Global lockdowns have certainly continued. So we’re seeing countries locking down more than we’re seeing them open up. We’ve seen a jump, in fact, in terms of stringency on that front recently. Not to the level of stringency that we saw peaking out around the turn of the year with regard to the second wave, but nevertheless, a jump relative to the restrictions that existed as of just a month or two ago.

I would say it’s unclear that policy makers have done enough just yet and so you see quite significant restrictions, for instance, in Europe and perhaps starting to work there. We haven’t seen that level of restriction imposed in Canada, for instance. We certainly haven’t seen it imposed in the U.S. And, in fact, one of the key themes here is quite a divergence. In fact, the U.S. is opening; Europe has locked down; Canada, somewhere in the middle, and so we’re no longer seeing all policy makers sing from the same hymnbook at this point in time.

Vaccine progress remains significant, and so Israel’s still leading the way, though, very much slowing its rate of inoculation now, presumably, as it runs out of people to inoculate. The UK’s still doing very well also, though it’s also slowed its rate of inoculation. Conversely, most other countries, still in acceleration mode. So U.S. inoculations, still accelerating, more new doses delivered per day than the day before in the U.S., now up to 63 doses per 100 people.

Canada has really accelerated now and so as we predicted a few weeks ago, it’s now jumped past Europe both with regard to the rate of inoculation, but also with regard to the total number of doses per capita and so Canada moving much more quickly now. In fact, Canada’s rate of inoculation is now among the fastest in the world. And we can say the vaccines are working in the sense that when we look at the countries that have inoculated the most, and so I’m thinking of Israel and the UK in particular, we see a very sharp decline in infections and in deaths and, indeed, it’s come down more there than just about anywhere else. And so this is, indeed, working when you push past all of the ambiguity over exactly what the efficacy rate is for different variants and so on.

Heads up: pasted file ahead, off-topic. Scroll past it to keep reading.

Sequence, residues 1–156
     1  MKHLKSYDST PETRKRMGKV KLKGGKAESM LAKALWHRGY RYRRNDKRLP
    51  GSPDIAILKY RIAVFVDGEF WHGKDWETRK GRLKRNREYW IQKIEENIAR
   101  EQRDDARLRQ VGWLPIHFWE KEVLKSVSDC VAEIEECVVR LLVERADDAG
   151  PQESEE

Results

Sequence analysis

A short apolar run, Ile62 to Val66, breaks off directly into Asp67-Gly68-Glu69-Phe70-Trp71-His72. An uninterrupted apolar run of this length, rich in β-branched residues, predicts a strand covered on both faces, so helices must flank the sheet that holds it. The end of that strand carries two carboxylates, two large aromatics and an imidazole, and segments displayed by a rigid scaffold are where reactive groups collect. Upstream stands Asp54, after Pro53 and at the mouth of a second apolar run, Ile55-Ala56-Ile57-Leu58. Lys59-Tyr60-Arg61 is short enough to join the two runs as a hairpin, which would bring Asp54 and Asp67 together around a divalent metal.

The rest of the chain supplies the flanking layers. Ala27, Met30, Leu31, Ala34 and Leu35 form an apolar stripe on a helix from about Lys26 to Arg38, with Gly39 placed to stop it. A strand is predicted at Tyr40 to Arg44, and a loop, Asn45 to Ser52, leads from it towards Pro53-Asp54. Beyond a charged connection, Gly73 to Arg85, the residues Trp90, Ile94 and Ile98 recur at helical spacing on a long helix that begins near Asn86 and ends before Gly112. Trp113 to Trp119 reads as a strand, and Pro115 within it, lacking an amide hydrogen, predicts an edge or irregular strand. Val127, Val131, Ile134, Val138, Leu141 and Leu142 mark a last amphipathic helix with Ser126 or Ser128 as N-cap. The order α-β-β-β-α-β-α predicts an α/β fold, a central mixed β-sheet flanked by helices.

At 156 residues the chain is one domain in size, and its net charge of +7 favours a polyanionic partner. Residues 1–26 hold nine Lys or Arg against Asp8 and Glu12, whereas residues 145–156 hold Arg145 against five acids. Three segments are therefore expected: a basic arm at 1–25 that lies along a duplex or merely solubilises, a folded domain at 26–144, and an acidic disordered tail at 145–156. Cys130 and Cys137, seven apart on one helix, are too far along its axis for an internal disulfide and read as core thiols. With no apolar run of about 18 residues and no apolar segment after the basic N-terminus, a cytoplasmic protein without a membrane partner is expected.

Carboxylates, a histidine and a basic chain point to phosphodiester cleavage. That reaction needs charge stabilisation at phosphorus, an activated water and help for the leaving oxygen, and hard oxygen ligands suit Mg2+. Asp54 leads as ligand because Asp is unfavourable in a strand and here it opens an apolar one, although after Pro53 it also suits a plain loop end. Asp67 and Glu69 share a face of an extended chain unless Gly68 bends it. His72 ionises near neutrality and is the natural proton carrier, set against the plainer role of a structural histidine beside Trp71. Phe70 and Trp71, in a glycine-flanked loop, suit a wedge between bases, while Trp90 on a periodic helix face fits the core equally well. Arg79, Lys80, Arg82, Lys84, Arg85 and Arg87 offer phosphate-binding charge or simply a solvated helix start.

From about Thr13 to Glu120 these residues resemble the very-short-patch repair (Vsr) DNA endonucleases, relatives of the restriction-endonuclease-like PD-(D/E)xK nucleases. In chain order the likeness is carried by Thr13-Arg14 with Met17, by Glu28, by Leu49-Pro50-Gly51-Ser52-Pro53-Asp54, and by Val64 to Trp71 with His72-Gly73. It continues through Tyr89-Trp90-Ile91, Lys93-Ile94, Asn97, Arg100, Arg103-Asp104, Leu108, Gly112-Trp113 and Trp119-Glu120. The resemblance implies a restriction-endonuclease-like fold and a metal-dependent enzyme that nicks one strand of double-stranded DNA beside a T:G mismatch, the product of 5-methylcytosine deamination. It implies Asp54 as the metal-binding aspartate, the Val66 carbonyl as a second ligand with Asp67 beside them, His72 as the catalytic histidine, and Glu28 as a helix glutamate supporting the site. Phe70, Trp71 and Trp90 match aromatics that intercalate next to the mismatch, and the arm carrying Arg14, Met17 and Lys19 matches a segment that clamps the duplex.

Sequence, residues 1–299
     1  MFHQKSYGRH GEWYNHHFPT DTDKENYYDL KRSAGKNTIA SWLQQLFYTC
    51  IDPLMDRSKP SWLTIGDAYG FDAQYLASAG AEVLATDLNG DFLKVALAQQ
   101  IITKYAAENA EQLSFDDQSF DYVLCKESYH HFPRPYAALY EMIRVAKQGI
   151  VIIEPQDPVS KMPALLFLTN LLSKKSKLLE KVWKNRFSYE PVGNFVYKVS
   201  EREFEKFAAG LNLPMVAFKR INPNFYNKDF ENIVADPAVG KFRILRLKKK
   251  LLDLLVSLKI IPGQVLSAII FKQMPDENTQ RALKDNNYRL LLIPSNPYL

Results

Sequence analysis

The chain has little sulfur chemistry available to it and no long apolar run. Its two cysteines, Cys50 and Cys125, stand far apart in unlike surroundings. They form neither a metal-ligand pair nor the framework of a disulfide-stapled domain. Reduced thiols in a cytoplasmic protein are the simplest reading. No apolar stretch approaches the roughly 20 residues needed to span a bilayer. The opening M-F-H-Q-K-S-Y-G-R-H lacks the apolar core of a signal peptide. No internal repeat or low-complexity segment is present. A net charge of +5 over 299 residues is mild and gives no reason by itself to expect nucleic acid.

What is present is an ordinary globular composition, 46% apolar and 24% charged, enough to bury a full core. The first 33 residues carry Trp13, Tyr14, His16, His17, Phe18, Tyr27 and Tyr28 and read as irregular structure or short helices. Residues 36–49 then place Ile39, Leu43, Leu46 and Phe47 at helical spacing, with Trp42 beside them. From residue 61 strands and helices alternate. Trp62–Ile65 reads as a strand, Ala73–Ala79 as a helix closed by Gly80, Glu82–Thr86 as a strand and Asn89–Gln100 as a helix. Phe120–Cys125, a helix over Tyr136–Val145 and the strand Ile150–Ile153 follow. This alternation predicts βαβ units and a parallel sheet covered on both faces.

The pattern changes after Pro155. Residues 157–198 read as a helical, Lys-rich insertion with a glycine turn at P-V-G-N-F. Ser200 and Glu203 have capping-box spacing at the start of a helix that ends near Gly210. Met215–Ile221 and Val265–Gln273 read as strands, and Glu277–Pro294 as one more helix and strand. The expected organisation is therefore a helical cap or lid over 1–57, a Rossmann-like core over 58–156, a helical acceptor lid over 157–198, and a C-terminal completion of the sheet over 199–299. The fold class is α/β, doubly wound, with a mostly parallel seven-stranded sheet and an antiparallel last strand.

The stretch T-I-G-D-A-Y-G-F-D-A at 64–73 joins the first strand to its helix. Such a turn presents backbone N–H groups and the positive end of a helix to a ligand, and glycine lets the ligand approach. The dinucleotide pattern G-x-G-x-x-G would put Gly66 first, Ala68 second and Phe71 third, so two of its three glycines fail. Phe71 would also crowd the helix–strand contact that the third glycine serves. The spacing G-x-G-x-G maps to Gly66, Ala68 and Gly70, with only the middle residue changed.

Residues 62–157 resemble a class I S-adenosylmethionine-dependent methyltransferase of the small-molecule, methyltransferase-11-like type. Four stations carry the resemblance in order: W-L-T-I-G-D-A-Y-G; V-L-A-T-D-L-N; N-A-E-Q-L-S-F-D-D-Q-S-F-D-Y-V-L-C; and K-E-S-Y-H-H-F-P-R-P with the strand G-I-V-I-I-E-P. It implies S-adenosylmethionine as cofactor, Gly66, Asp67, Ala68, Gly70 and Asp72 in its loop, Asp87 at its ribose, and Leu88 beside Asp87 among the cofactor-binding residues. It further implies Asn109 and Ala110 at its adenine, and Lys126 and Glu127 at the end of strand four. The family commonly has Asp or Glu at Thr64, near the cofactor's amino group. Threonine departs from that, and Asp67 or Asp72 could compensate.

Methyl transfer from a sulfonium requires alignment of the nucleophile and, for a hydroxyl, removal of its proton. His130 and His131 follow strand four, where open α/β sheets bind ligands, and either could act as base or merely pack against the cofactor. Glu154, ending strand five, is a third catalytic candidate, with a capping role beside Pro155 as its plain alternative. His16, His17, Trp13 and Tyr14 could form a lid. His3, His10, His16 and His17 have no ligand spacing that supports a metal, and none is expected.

Let’s pivot now toward economic developments, and I can start just with some IMF news. And so the International Monetary Fund has upgraded its global growth outlook and so that’s certainly welcome news. I should say we look to the IMF not because it’s the first or the fastest to generate a new forecast. In fact, it’s arguably among the last to do that. We look to it instead though because it has among the most sophisticated forecasting models and the biggest, largest number of economists and so on. And when you combine all of that, it’s a very credible forecast, and so it’s still good news that we see the IMF upgrading its growth outlook even though others have broadly already done that.

The IMF also releasing a variety of thematic reports and so, for instance, one of its findings is that the economic contraction last year would have been up to 3 times worse had it not been for all of the fiscal and monetary stimulus delivered. So, as much as some of that stimulus was perhaps imperfectly directed, in some cases was too big, in some cases, too small, we can say in the end it did do quite a lot of good in the grand scheme.

Maybe the other big conclusion from the IMF is they’re still not worried about inflation. They acknowledge there’s a bit of a spike coming in the next few months, but they don’t, over the medium run or longer, think there’s any sort of persistent problem out there. In fact, they think if anything, the underlying core trend is probably easing and they really highlight that the Phillips curve is very flat. Unemployment rates, even when they get low, don’t necessarily have to create a lot of inflation.

Elsewhere on the economic data, the real-time data remains very strong. In fact, it looks as though the U.S. is accelerating quite significantly when we look at things like credit card spending and small business revenue and travel statistics as well. The traditional data is also quite strong. We’re seeing jumps in retail sales and housing starts and this kind of thing, and greater optimism about tourism, and even rising demand for things like leisure and hospitality that had previously been quite beleaguered.

And it’s a fairly similar story in Canada. Canada has seen some very strong job creation for March. Canada’s Business Outlook Survey just came out with a high level of business optimism. And so we’ll warn Canada probably underperforms the U.S. economically a little bit over the next month or two just because Canada’s done some more lockdowns and the U.S. hasn’t, but we even feel okay about that in the sense that the second wave didn’t do much economic damage. This one probably does even a little bit less.